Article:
When I check the move it is now in near-perfect aspect ratio:

    Next is to crop out the picture. Since we know the correct width is 576 across we can set the cropping to 576. We also know that 320 will be higher than the picture because we have resized the picture to Y=320. So lets put that in too like this:

    And we get this:

    But because the DVD had a gap on the left, this is going to detract from our otherwise perfect cropping. All it needs is to bring the sides in 16 pixels and it will look nice. So instead of 576 we can crop it to 560 or we could resize the image 16 pixels to so it was 592 x 336. So we:

    And we get the following:

    Finally we keep cropping a little at a time until we get the bottom and top right. At the moment the cropping is Y=320. We want that to be smaller so we take away 16 pixel to make 304 (always resize by multiples of 16 pixels). Thats no good, so we take off 16 more until its 288 and try that. Then we try 272, then 256 and finally we find that 240 is perfect! So we put:

    And the movie is cropped perfectly and has perfect aspect ratio!

    I'm not joking when I say that cropping like this really does improve the picture quality. More bitrate can be assigned to the image and less to keeping those sharp black lines! Forget what all those morons say about how a DivX can rip full DVD resolution! Even if you want to use 2 or 3 CD's to make them! Video CD's are 352 x 240 pixels and look almost as good as VHS videos when played on a TV. Our cropped DivX is exactly the same height and almost double the width, and, when done right can achive as good or better quality than a VCD and yet still fit onto a single CD. Don't use crazy large sizes - do it right!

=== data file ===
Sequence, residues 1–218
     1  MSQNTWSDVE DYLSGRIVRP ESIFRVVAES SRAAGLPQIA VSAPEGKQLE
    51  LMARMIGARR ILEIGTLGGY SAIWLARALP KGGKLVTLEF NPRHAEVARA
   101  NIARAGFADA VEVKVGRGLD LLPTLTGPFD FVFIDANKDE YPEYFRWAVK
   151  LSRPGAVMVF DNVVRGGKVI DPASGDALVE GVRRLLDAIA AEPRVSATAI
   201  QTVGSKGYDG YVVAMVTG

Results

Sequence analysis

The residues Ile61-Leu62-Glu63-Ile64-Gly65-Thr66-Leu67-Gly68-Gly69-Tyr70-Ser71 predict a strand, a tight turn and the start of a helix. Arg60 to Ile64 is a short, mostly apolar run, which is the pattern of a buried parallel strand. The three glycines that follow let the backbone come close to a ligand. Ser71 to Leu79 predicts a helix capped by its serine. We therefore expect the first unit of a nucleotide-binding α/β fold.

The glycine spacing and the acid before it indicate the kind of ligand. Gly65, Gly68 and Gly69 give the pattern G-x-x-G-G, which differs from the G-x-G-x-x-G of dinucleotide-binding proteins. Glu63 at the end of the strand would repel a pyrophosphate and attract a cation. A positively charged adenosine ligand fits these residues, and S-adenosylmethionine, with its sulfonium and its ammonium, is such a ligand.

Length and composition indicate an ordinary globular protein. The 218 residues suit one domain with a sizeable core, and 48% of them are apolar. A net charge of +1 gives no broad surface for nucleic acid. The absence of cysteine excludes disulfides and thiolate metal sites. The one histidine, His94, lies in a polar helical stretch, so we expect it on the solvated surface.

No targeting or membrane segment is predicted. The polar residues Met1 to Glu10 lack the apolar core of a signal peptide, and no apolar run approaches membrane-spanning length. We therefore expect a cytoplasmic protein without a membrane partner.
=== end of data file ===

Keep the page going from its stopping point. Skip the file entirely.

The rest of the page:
Final Warning

    Finally, its only fair to warn you that, athough in my opinion cropping improves the image quality of the DivX rip by a lot, before you decide that cropping is the best way to go, you must consider these four facts:

    1. A cropped movie is sometimes harder to convert into another format. This is because you may need to re-add the black bars to the top and bottom of the movie first or the movie may be stretched out of shape.
    2. A cropped DivX movie will play at the wrong aspect ratio in PowerDVD and some other Video players. On the other hand, Media Player, MicroDVD and many other players will play back a cropped movie perfectly.
    3. VCD's and SVCD's cannot be cropped if they are to be played in a standalone DVD player because it will not accept them.
    4. Finally, Mpeg-4 files (and DVD files for that matter) have problems playing back on some hardware if they are not encoded in sizes that can be divided by 32. This means the Matrox G400 or the Nvidia GeForce would probably have problems outputing it to TV.
    For example:
    A 528 pixels wide size divided by 32 = 16.5. This is not a multiple of 32 and so may have trouble.
    But a 576 pixel wide size divided by 32 = 18. This is a multiple of 32 and will play back perfectly.

    Duplication of links or content is strictly prohibited. (C) NICKY PAGE 2000